PT on the Net Research

Irish Dance


Question:

I have a new client who is a competitive Irish dancer. I know that flexibility work should be an important part of her extra training focus, but she also needs some cardio and overall muscular strength training. My questions are: 1.) With regard to strength training, what would be the muscle groups (and exercises) that would be most beneficial for her to strengthen if her training time is limited per week? If she had more time, what important exercises should be the focus of her training program? 2.) For cardiovascular training, since her dancing bouts are about three minutes in length, should I include some interval training at higher intensities about a couple of times per week (say 15 to 30 seconds at seven to nine RPE followed by 45 to 30 recovery time for five to eight cycles and then finish off with cardio endurance work for another 30 minutes or so) to help her improve her cardio stamina OR should I focus on having her do some cardio endurance work only? Thank you for taking the time to answer this question.

Answer:

In response to your first question, your client should definitely focus on core if her training time is limited. There are a couple of ways you can do this. You can start by focusing solely on the core and then move on to training her whole body through integrated movement, which will be extremely beneficial to her since dance involves multi-planar movement. I suggest looking at the multifidus, transverse abdominus, psoas, quadratus lumborum and diaphragm as well as pelvic floor muscles. Exercises that will target these areas can include the following:

  1. Breathing. Have her lie in child's pose. Inhale, focusing the inhale in between her shoulder blades (take a few breaths), move the focus to the mid back, followed by the lumbar region and finally the sacrum. This should help her to find her breath through her back. Her breath should be nearly 60 percent in through her ribcage/back, 40 percent through her abdomen and very little chest breathing. Make sure whenever she does an exercise she exhales on the exertion to start. As she masters this, progress to inhale on the exertion (watch for chest breathing - you do not want this) as this will challenge her further.
  2. Transverse activation. Lie supine on the floor next to an easy chair or couch, so her right side is closest to the furniture. Extend right leg, so it is straight. Bend left knee and cross the left foot over the right leg, so left foot is flat on the floor. Make sure shin or knee is touching the chair or couch. Press shin/knee into the chair/couch. She should be able to feel a gentle pressure on her fingers or a “click” as the transverse engages. It should not feel like a big contraction (as she would during a biceps curl) or a bearing down motion. Hold this for five seconds. (Work up to 10 seconds as strength increases.) Repeat 10 times. Repeat 10 more times on the opposite side.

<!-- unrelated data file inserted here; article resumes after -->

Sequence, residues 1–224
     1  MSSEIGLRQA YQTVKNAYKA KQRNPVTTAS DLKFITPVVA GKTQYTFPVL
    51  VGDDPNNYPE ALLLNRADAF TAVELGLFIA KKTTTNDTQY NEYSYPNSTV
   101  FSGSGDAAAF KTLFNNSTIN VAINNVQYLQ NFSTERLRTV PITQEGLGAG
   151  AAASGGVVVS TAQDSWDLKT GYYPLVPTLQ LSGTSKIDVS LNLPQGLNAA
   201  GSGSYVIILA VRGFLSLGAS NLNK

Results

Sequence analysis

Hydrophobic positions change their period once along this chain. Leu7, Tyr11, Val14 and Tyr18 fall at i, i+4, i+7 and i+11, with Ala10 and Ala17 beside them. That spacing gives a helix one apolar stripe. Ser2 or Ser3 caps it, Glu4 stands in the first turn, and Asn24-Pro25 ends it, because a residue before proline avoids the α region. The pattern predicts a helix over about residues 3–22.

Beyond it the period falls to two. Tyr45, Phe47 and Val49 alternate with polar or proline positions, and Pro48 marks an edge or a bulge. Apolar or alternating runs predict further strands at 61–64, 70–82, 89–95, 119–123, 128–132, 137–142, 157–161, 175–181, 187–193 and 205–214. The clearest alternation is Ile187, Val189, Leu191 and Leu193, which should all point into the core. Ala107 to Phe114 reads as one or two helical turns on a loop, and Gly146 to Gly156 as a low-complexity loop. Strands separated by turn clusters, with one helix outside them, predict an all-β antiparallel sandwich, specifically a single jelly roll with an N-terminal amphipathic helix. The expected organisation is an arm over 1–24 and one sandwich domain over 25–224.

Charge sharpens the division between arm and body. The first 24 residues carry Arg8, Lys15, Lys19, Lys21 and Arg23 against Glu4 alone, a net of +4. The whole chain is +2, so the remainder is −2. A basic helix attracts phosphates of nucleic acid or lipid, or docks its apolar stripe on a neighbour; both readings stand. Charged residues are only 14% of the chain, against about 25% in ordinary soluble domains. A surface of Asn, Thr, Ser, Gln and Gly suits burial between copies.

3. Inner thigh squeeze (perhaps with a Pilate's Magic Circle or playground ball) combined with a supine bridge. She should lie on her back, knees bent and feet on the floor with the circle between her thighs. Have her engage her pelvic floor (have her imagine she needs to use the restroom very badly, but she has to hold it). As she does this, have her engage the transverse and raise hips (with neutral low back) as high as she can while maintaining an engaged core. Lower down and repeat.
  4. Psoas work. Start seated on a ball as if sitting in a chair. Engage pelvic floor, transverse and raise right knee. Lower and repeat on the left side. Make sure spine stays neutral and upright. As she gains strength, progress to straight leg as well as standing (make sure supporting hip does not adduct when standing).
  5. Plank. Side plank and moving side plank are always good for core stability as well. For moving side plank, have her in side plank alignment but now she raises and lowers her hips, without sacrificing her shoulder/scapulae complex.

To utilize her time even more efficiently, once she masters the above, take her to more integrated movement. Train her deep longitudinal and lateral chains (i.e., use cable machine). Have her start in a small squat. Reverse lunge as the arms are extended at the elbow and at shoulder height in front of her. As the arms are pressed down to the hips, she straightens her supporting leg while flexing the opposite hip (bringing the knee upward). As she gains strength/coordination, progress this to a straight knee, and you could bring it to a more "explosive" movement such as a kick like she would do in her competitions.

Now, for the second question you asked, I would absolutely suggest interval training. However, you need to determine her cardiovascular level. Since her dancing bouts are three minutes in length, I would suggest something that lasts three minutes in length at 60 to 80 percent of her functional capacity, obviously starting with however long she needs and depending on her ability. Make sure she is warmed up first. Her rest time should be the same length as her interval time. You can repeat this up to five times to start. Find out how many times she performs her dances in a competition and how much time is in between. If there are only a few minutes between numbers, then try to follow this pattern. Chances are, however, she'll have a fair amount of down time between the pieces. Do this a couple of times a week. She should definitely do other cardio work throughout the week as well for a duration of 30 minutes or so. A nice way to incorporate cardio and strength is circuits. As she becomes more accomplished at all of the above, you could take her in to circuits that last up to three minutes in length, utilizing the exercises above or others.

I hope this helps. Best of luck!